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Bilateral spontaneous pneumothorax—the case for prompt chest radiography
  1. S C Wilkie1,
  2. L J Hislop1,
  3. S Miller2
  1. 1Department of Accident and Emergency Medicine, Royal Alexandra Hospital, Paisley PA2 9PN
  2. 2Department of Anaesthetics and Intensive Care, Royal Alexandra Hospital
  1. Correspondence to: Dr Hislop, Consultant in Accident and Emergency Medicine(stewart_wilkie{at}hotmail.com)

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Simultaneous bilateral spontaneous pneumothorax is a rare condition occurring in up to 1.9% of cases of spontaneous pneumothorax.1 Risk factors include male sex, smoking, height and underlying lung conditions. An increase in the incidence is seen in AIDS patients with underlying pneumocystis carinii infection.2 In contrast with a large unilateral pneumothorax, simultaneous bilateral spontaneous pneumothorax presents difficulties in diagnosis from clinical signs alone and definitive diagnosis requires chest radiography.

A 39 year old man self presented to the accident and emergency department with acute dyspnoea. On arrival at the department he was in severe respiratory distress and unable to give any history. Initial examination found him to be extremely agitated, cyanosed and tachypnoeic. Although he was maintaining his own airway and his trachea was central, air entry was poor into both sides of his chest. Both hemithoraces were resonant to percussion and scattered crackles were audible on auscultation throughout both lung fields. Arterial oxygen saturation was only 60% despite administration of 15 litres oxygen via a non-rebreathing mask with a reservoir bag. Cardiac output at this time was not impaired. Intravenous access was secured and a chest radiograph obtained. Arterial blood gases revealed a type 2 respiratory failure with pH 6.99, Po2 6.49 kPa, Pco2 9.80 kPa, and base excess was −14.7. The patient was intubated and ventilated and his saturation improved. At this point the chest radiograph was returned to show a bilateral pneumothorax with complete collapse of the right lung and 50% collapse of the left lung (fig 1).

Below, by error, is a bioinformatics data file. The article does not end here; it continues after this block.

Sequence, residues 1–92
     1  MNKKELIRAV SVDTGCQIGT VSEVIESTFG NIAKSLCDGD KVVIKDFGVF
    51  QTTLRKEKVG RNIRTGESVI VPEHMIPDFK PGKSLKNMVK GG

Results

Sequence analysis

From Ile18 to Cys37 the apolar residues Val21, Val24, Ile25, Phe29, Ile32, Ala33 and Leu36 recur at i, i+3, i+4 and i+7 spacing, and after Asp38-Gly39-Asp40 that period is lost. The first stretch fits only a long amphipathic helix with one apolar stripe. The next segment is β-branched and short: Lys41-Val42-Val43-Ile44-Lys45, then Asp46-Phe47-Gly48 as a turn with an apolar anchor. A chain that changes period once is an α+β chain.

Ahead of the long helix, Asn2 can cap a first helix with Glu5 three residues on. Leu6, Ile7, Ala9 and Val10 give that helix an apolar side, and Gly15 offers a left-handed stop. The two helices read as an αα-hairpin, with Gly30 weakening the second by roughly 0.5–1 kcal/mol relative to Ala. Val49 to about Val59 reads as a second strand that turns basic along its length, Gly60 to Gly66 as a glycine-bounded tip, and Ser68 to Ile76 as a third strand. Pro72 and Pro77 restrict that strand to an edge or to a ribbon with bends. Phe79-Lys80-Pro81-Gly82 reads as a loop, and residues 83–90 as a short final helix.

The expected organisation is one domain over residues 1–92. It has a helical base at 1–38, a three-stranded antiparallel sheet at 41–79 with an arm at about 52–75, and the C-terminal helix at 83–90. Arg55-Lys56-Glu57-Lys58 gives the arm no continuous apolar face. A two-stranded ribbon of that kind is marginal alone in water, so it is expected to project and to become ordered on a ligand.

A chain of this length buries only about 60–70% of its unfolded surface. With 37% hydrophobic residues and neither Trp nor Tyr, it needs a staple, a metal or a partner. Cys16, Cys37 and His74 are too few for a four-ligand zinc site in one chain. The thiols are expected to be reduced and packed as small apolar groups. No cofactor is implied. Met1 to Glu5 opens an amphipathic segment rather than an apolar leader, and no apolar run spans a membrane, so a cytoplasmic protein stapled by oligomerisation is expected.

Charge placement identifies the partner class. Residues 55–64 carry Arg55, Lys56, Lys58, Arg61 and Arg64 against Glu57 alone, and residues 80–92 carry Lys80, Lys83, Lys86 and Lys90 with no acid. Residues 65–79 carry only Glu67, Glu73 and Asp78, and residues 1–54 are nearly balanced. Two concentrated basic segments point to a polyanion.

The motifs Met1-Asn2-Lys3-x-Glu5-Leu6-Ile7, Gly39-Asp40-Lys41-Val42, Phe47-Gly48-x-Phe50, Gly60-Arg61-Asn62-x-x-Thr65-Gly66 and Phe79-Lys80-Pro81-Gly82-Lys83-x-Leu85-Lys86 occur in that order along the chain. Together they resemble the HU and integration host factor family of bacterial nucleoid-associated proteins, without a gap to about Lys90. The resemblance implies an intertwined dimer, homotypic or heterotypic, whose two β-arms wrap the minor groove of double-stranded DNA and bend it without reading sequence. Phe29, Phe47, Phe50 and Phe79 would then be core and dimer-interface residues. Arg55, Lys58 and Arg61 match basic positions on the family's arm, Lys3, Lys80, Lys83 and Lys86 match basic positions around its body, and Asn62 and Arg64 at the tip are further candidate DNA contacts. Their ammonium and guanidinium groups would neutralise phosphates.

Needle thoracocentesis confirmed that the right side was under tension and bilateral chest drains were promptly inserted. His respiratory parameters improved dramatically and he was transferred to the intensive care unit. The left pneumothorax resolved, however there was a persistent air leak on the right and he was transferred to the local cardiothoracic unit where video assisted thoracostomy, pleurectomy and apical resection for bullous disease was performed with good result. Although he was a male smoker he had no other identifiable risk factors or other underlying pulmonary disease and no evidence of AIDS.

This case demonstrates the importance of urgent chest radiography in the emergency room for all patients in respiratory distress.

Figure 1

Chest radiograph showing bilateral pneumothoraces. The white arrows indicate the lung edges.

Acknowledgments

Contributors

SCW produced the manuscript and acts as guarantor. The paper was jointly written by SCW, LJH and SM. SCW and LJH edited the paper.

References

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Footnotes

  • Funding: none.

  • Conflicts of interest: none.

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